Clinically significant ingrowth requiring removal has been reportedin 0.92% to 3.2% of patients undergoing LASIK.4,11 Reportedtechniques for removing epithelial ingrowth include lifting the flap and scrapingthe epithelial ingrowth,3,11,12 withor without adjunctive treatments such as ethanol,13 mitomycin,phototherapeutic keratectomy,12 or suturingof the flap.11,14 The recurrencerate after scraping alone has been reported as 44%.11 Adjunctivetreatments to lower this recurrence rate, however, may cause adverse effects.Treatments with ethanol and mitomycin have toxic effects,11,15 andphototherapeutic keratectomy can cause irregular astigmatism and unpredictableshifts in refraction.12,16 Suturingthe flap to create a tight apposition between the flap and the stromal bedhas been proposed to be effective at preventing the recurrence of ingrowthwithout the complications of other adjunctive treatments. This study evaluatesthe efficacy and safety of suturing the LASIK flap after removal of epithelialingrowth in the treatment of clinically significant epithelial ingrowth afterLASIK.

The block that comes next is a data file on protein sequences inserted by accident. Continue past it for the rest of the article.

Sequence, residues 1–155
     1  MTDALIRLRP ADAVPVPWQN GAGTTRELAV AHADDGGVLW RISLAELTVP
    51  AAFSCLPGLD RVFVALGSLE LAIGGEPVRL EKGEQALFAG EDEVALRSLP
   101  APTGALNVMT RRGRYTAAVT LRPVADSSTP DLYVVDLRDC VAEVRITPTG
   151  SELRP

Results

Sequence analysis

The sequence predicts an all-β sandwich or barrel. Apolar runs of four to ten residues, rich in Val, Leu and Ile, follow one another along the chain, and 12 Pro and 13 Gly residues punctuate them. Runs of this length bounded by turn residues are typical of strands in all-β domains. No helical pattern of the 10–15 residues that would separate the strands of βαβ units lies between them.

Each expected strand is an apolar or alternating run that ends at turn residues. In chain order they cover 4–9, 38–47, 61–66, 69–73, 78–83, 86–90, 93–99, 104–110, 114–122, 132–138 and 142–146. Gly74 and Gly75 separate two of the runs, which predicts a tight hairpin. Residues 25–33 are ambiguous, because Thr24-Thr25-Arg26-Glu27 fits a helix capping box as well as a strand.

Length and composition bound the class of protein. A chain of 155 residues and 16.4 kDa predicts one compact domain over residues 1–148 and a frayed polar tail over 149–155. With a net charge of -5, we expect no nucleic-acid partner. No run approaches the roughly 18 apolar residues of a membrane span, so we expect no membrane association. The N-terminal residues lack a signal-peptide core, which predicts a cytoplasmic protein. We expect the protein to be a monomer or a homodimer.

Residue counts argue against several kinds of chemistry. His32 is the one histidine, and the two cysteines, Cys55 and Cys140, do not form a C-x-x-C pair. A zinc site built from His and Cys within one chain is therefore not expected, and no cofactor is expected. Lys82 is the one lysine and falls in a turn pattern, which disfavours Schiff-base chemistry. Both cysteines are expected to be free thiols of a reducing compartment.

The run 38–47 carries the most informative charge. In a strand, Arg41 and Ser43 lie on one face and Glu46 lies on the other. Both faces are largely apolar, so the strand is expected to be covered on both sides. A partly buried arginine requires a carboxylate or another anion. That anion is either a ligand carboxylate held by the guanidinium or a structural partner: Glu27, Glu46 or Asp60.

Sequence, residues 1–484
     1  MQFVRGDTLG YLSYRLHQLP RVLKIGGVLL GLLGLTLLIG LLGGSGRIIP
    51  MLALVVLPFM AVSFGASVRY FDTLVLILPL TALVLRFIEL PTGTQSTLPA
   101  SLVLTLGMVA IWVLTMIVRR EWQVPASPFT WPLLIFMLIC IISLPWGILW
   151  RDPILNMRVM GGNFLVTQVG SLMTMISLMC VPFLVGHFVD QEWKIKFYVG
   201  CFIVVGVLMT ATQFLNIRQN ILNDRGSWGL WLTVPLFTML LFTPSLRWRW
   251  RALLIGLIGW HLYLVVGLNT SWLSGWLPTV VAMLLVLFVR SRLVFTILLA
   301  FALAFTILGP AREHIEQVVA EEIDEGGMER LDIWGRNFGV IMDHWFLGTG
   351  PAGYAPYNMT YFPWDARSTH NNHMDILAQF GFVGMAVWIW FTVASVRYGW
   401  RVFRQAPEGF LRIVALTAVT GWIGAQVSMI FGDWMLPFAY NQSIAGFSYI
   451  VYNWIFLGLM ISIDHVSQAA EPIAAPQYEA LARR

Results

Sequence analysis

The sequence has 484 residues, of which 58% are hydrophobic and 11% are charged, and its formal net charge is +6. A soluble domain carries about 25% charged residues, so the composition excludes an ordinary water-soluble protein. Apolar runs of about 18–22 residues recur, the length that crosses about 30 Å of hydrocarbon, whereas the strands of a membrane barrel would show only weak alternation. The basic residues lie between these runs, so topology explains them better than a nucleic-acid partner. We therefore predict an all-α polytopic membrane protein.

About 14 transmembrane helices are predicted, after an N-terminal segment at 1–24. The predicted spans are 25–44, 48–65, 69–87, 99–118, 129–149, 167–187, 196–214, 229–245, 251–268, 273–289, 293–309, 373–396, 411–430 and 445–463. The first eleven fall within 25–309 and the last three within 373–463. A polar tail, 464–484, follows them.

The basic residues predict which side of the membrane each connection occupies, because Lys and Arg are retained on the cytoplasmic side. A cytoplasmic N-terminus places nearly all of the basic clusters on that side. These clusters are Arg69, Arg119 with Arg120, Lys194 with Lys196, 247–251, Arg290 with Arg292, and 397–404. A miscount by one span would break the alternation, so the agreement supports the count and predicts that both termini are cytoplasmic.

METHODS

A retrospective review was conducted of 20 eyes in 19 patients treatedfor clinically significant epithelial ingrowth after LASIK with lifting ofthe flap, scraping of the ingrowth, and suturing of the flap to the stromalbed. All eyes were diagnosed with clinically significant epithelial ingrowthafter LASIK and were treated owing to evidence of progressive epithelial ingrowth,peripheral flap melting, topography changes, refractive changes, and/or chronicirritation. The preoperative LASIK examination, LASIK surgical report, postoperativecourse, epithelial ingrowth treatment report, and postepithelial ingrowthtreatment examinations were reviewed.